The unheralded, potential key to a powerful run offense in 2011 and beyond?
Former Arkansas tight end D.J. Williams is not a player that is on many radar’s as a potential draftee for the Seahawks in 2011; on the surface he doesn’t appear to fit a need for Seattle.
However, Williams was included in the first group of 2011 prospects I highlighted in February, a potential convert to fullback.
As the Seahawks alter the offensive scheme into 2011, offensive line/assistant head coach Tom Cable will surely be in favor of adding a physical, versatile backfield presence.
Additionally, offensive coordinator Darrell Bevell is known for tailoring roles in the offense for players with unique skill sets, Chester Taylor during his tenure in Minnesota is a prime example. A sure handed, tough fullback could be a consistent, and sometimes dynamic, weapon in Bevell’s offense.
The dilemma; at 6’2”, 245 pounds Williams is not an ideal NFL tight end, but he is not a natural fullback; his skill set fits the role of a an H-back or hybrid fullback.
Williams is currently projected to be a mid-round pick, partly because he does not have a clear role in the NFL. That said, can he fit in Seattle?
Let’s take a closer look at the potential Williams brings to Seattle, both on and off the field.
Williams was an all-state, two-way player in high school that fully converted to tight end at Arkansas.
Williams was voted the nation’s top tight end in 2010, also receiving the 2010 Disney Spirit award. His award in 2010 was a culmination to a well rounded, very productive career as a student athlete.
Williams’ 2008 year was his breakout season, catching 61 balls to lead the team and set a tight end school record for receptions at Arkansas.
His receptions dipped to 32 his junior year, but only because Coach Bobby Petrino wasn’t happy with Williams' blocking during his sophomore campaign; Williams worked hard to become one of the more reliable blockers on the team, his team first attitude prevailing.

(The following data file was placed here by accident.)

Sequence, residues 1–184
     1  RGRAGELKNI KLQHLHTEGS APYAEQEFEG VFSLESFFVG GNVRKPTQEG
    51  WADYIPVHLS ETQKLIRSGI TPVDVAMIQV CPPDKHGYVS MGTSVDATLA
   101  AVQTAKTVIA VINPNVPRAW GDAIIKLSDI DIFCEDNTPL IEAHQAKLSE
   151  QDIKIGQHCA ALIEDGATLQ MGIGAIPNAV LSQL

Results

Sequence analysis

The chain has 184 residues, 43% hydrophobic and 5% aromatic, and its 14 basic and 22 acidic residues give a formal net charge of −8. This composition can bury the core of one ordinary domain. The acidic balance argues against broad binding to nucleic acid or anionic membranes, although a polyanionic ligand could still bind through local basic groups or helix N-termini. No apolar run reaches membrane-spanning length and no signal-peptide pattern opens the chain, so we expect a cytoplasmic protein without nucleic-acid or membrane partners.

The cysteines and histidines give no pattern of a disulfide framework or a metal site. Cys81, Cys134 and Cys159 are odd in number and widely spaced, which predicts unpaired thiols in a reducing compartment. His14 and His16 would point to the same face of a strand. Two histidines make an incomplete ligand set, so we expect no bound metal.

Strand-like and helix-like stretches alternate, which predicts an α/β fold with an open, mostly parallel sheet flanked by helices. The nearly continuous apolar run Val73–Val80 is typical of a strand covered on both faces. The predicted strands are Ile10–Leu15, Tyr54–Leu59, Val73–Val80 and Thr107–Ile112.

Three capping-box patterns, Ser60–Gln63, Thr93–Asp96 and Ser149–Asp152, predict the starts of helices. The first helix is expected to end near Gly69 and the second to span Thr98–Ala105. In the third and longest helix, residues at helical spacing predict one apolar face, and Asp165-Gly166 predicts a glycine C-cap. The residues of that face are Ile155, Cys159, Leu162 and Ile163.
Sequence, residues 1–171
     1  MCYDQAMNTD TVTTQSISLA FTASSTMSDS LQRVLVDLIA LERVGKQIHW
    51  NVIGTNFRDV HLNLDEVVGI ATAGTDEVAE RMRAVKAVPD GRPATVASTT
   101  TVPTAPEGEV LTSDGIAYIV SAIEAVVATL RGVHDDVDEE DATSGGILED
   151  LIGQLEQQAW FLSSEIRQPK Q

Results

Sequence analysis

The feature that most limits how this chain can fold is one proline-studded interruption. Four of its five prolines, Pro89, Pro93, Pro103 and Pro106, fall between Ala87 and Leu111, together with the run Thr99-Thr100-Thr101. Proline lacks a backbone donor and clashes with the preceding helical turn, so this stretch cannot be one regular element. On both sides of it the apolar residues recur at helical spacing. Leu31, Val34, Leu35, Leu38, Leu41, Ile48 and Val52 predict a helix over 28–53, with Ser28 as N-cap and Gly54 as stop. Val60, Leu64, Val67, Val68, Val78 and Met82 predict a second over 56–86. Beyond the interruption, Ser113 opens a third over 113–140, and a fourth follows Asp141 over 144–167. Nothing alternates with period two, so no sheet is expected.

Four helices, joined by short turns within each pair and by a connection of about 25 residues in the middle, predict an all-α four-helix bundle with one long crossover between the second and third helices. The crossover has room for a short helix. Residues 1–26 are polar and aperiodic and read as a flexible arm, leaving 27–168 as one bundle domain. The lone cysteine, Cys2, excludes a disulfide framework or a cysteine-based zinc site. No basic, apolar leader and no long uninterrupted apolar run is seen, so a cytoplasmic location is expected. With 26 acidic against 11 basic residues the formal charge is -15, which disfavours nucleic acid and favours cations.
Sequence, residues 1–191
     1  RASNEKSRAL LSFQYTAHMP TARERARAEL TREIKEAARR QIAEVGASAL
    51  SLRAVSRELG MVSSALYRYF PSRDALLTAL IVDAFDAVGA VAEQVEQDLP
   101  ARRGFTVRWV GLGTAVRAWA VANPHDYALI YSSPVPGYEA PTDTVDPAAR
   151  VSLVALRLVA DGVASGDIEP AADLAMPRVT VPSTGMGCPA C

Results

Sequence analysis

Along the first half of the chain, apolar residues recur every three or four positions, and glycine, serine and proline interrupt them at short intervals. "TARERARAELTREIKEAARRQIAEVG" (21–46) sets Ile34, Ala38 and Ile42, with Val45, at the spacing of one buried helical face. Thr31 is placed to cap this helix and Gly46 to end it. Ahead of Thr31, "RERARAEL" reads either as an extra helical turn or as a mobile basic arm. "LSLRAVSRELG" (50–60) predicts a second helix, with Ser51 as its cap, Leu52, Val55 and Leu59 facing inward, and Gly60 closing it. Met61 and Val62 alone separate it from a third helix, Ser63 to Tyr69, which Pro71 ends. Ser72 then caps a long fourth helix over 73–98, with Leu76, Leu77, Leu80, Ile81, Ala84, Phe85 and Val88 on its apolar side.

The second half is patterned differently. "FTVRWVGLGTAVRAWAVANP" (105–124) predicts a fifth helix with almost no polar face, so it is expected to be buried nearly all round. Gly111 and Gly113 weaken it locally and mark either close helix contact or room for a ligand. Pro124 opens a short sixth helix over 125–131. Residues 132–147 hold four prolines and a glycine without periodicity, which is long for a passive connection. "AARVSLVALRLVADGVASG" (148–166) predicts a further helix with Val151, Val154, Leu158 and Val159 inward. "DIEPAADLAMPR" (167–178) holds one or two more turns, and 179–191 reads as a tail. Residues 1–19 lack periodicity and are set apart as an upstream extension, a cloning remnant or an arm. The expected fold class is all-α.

Williams was more than just reliable as a blocker his senior season; 54 catches for 627 yards as a team leader in 2010, Williams turned in a fine all around season as a leader for the razorbacks.
As I noted earlier, Williams is too short to be a tight end, but too talented as a receiver to be a full time fullback; he plays with the attitude of an offensive lineman—check out the video above. Thus, his projection as an H-back or hybrid fullback.
Williams is thick, compact, pesky and tough. A low center of gravity allows him to gain leverage in the run game against linebackers and safeties, but he lacks the technique and size to consistently take on bigger players. No matter what, he’ll get a hat on a hat.
Williams has strong hands and does a good job of catching balls outside his frame for a person of his stature. His combine drills were particularly impressive, displaying his route running and ball skills, sharp in his cuts and possessing good body control.
One thing to note is he has more straight line speed than dynamic explosiveness. Not a guy that is going to consistently make a player miss with open field moves, but churns through contact and is able to use his power and attitude. He is consistently aware of the play and intelligent in helping the quarterback; he gets it done.
As a potential main blocker, he will bring explosive capabilities out of the backfield; a smooth, intelligent route runner that excels against zone coverage and is willing to go over the middle.
No matter the position, Williams is ready to be a contributor on the next level.
Determination is a part of his game...
The H-back has a variety of perceived meanings, but is traditionally a player that blocks with the skills of a fullback, but provides the presence of a second tight end either in motion or lined up in the backfield--the Washington Redskins Chris Cooley is a current example of an H-back type.
A tight end-full back hybrid, an H-Back is a player lacking the size to be a traditional downfield tight end, but catches more balls than a traditional full back; the blocking duties of the position are among the most complex due to the player's movement in various formations.
The H-back is not usually used as a primary in-line blocker, that filled by the role of the traditional tight end or a backup.
The position is unique because the non-blocking element to the position is the role of a motion tight end; offset and behind the tackle weak side or in the same position strong side off the tight end, in the backfield lined up as a fullback, flexed off the line in trips, or in constant motion; the H-back is a constant variant for the defense, a pre-snap weapon for the offense.